Firmware for the OpenTherm Gateway

Fail-safe design

Even though the gateway was designed in such a way that OpenTherm messages can be forwarded by the device using only hardware functions of the PIC after very minimal initialization, this is not the normal operating mode of the gateway. Simply passing on the OpenTherm messages unmodified would limit the possibilities of the device to monitoring only. However, the almost non-existing requirements for the code to be able to forward messages makes it ideal as a safety net for when things go completely awry. If the device ever resets as a result of a watchdog timeout, it falls back to this mode.

The gateway also takes advantage of this feature during self-programming. So even when the firmware is being updated, the thermostat will still be able to communicate with the boiler.

Normal operation

During normal operation the gateway collects the request from the thermostat and possibly manipulates it before sending it on to the boiler. The full message has to be received before it can be examined and passed on. This delays the message to the boiler by the duration of a message. The same thing happens with the response on the way back from the boiler to the thermostat. The complete round-trip of a request from the thermostat to the boiler with a response back to the thermostat takes about 70ms longer than it would without the gateway in between. Fortunately the OpenTherm specification allows a response to take upto 800ms to be delivered to the thermostat. The boiler generally answers within 200ms, so an additional 70ms does not cause a problem.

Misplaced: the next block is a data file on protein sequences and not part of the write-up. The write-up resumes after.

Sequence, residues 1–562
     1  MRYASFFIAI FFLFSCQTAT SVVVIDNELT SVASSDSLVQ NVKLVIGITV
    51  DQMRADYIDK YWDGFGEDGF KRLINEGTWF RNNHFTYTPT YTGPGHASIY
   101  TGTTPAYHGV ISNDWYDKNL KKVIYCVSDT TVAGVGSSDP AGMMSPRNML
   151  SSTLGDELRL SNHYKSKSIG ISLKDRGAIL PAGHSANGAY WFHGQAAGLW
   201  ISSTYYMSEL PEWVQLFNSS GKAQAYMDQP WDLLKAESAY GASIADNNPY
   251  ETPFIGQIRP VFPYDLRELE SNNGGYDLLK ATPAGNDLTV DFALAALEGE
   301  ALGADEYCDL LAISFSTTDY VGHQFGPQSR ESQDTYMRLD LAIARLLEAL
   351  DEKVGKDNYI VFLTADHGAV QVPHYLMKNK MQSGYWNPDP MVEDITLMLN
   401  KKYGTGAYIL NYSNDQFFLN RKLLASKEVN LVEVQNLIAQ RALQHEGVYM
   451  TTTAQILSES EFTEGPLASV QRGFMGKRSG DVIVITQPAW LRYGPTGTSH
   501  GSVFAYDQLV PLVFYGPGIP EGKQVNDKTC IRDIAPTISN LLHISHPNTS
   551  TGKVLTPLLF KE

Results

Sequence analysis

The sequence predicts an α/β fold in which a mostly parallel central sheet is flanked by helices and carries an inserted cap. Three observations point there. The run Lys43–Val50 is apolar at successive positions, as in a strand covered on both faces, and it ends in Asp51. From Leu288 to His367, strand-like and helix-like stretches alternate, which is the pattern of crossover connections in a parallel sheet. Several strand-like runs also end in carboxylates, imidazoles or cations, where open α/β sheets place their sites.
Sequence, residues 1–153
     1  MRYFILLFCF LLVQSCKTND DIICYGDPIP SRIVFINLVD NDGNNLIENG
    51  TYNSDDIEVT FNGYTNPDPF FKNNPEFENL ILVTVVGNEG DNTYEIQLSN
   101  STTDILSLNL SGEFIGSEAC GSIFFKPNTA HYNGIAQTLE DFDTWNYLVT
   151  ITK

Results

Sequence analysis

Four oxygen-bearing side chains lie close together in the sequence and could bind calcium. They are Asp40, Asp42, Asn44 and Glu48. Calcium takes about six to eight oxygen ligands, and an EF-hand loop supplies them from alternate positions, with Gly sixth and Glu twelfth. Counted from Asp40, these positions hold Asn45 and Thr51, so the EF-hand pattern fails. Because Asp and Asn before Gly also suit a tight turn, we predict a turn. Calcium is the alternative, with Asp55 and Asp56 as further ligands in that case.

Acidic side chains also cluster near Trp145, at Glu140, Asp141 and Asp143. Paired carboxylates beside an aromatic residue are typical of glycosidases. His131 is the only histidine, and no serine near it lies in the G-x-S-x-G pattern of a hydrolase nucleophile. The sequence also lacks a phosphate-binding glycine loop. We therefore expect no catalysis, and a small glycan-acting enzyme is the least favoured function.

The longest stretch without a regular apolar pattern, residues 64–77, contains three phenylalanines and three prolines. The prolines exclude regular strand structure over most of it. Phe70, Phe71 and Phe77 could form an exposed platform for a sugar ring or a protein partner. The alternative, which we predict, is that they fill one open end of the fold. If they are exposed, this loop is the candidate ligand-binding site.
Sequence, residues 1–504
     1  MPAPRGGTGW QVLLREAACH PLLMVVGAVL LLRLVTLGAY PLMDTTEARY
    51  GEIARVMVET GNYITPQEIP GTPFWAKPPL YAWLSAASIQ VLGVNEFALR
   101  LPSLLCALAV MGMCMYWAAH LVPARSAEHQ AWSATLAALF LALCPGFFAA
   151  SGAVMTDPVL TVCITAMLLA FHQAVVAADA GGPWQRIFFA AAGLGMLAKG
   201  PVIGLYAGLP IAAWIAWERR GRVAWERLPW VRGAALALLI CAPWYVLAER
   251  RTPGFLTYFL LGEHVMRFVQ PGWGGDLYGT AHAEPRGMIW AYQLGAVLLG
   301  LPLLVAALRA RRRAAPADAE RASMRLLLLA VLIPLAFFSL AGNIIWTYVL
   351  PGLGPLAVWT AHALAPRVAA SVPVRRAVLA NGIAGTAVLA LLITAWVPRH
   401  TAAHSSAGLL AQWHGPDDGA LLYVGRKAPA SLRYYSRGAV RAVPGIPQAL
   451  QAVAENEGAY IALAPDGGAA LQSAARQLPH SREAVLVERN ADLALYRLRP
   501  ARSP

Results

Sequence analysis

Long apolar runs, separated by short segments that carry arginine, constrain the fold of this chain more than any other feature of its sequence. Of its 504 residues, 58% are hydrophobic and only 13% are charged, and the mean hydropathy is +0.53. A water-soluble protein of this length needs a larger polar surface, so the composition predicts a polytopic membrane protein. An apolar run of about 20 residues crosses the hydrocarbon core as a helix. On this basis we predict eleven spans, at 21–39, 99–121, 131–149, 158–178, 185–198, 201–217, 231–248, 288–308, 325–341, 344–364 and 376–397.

Reports

After power-up, each message that is received by the gateway is reported on the serial interface. Such a report consists of a letter indicating whether the message was received from the thermostat ('T') or the boiler ('B'), followed by 8 hexadecimal digits representing the four data bytes of the message. If the gateway changes the message before sending it on, the changed message is also reported on the serial interface. In this case the first letter indicates if the message is a request sent to the boiler ('R'), or a response (answer) returned to the thermostat ('A'). In case of a parity or stop-bit error, the received message is reported with an 'E' as the first letter.

If desired the gateway can also be instructed to only report the collected information upon demand. See the PS=1 command below for more information.

Errors

If an error is detected while receiving an OpenTherm message, the error is reported on the serial interface and the gateway waits for the OpenTherm connection to become idle before resuming operation. A connection is considered idle when no level change has occurred in at least 10 ms.

The following errors are defined:

Error 01
Level changes happen too rapidly (disabled by default)
Error 02
The stop bit was 0 while it should be 1
Error 03
A bit was not received when it was expected
Error 04
A parity error was detected on a received opentherm message

Special Data IDs

The firmware of the gateway was designed to treat several Data IDs specially:
Read-Data Status (ID=0)